The minister in the German federal state of North Rhine-Westphalia, Ina Scharrenbach (CDU) has distanced herself from a record containing German folk songs.
Scharrenbach was given a copy of the record by popular singer Heino. The album “The most beautiful German Heimat- and Vaterlandslieder” was released in 1981.
Heino had been recruited by Scharrenbach as a “home ambassador” and had been invited to a home conference in Münster. On Wednesday, the CDU politician had a spokesman announce that the gift brought by Heino was “not checked at the time of the transfer in terms of political correctness”.
The Minister also “did not take note of the record’s songs” before accepting the gift. There had been no opportunity to do so on the sidelines of the press conference at the congress where a photo was taken of Scharrenbach, Heino and the ill-fated folksong record.
Scharrenbach also pointed out that the content of the photo can not be construed as being close to the titles on the Heino album. She rejected “being associated in any way with the National Socialist ideology”.
The Westdeutsche Zeitung had first reported that the album contains, inter alia, the song “When all become unfaithful”. The piece written by Max von Schenkendorf in 1814 was later instrumentalized by the SS as a “Treuelied”.
For his version, however, Heino used a different tune from what the SS had used, namely the Dutch national anthem.
He himself does not find the gift as disreputable as the mainstream media. Heino thought it was a good idea to give the minister his old record and feels unfairly treated.
“If you look for it, you will always find a song that has been abused,” he told German tabloid Bild. His wife Hannelore had the record specially brought out of the basement.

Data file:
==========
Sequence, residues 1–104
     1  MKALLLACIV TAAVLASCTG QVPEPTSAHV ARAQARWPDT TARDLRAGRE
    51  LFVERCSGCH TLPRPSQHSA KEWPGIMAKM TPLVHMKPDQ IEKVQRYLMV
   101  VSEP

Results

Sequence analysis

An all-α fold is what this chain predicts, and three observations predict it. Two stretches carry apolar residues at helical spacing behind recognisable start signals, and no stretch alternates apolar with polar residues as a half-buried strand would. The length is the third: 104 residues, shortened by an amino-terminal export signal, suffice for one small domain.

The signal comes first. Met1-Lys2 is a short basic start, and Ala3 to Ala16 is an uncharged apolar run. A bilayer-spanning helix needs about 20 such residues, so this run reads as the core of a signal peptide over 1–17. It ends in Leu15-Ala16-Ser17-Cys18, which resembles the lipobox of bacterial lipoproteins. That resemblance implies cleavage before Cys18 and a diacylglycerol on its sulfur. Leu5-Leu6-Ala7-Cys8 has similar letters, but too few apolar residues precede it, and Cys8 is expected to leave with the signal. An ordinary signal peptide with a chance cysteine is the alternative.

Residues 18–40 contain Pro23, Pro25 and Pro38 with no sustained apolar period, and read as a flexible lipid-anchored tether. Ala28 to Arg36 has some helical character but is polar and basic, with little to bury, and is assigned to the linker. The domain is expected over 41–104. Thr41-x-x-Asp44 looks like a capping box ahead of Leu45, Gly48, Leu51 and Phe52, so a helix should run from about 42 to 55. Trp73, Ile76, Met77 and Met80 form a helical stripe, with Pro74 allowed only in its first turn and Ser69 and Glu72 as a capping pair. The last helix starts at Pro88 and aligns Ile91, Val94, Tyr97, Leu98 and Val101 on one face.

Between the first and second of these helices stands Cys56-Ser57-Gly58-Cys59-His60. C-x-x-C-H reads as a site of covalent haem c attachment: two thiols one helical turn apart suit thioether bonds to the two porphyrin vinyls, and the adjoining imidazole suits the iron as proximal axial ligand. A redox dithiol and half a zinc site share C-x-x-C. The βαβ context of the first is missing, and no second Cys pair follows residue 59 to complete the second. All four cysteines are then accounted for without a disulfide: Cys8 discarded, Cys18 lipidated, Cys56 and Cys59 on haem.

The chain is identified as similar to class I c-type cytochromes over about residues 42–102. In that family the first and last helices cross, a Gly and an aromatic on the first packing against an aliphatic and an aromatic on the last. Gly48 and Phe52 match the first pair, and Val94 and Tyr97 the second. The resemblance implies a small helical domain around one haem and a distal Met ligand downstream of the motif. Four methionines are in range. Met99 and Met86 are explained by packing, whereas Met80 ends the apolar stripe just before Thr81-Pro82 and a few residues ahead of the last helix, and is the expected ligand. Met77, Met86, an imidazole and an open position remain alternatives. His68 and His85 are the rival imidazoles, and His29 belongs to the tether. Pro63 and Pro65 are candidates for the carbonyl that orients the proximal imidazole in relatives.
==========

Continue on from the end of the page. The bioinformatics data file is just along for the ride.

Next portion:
“I was looking for a true rarity below as a gift for the minister. What is happening now is unfair,” Heino said.
The SPD claims on the old record with 24 songs, at least five are found in the SS song book, which appeared in the 1930s and 1940s from the Munich Central Publishing of the NSDAP. But the songs are all older that the party.
The ministry says that the couple Kramm, Heino and Hannelore, had brought two records and four CDs to the congress.
The SPD says the photo of Heino and the minister together on the website “still has not been removed”.
The Socialist deputies wanted to know how the state government assesses the textual content of the record in terms of its definition of “home”.
However, the SPD does not require that the ministry withdraw Heino as one of its 47 Heimatbotschafter. And when asked what the ministry should do with the record handed over by Heino, SPD spokesman Sven Wolf responded: “Anyway, she should not play it to us in the committee.”
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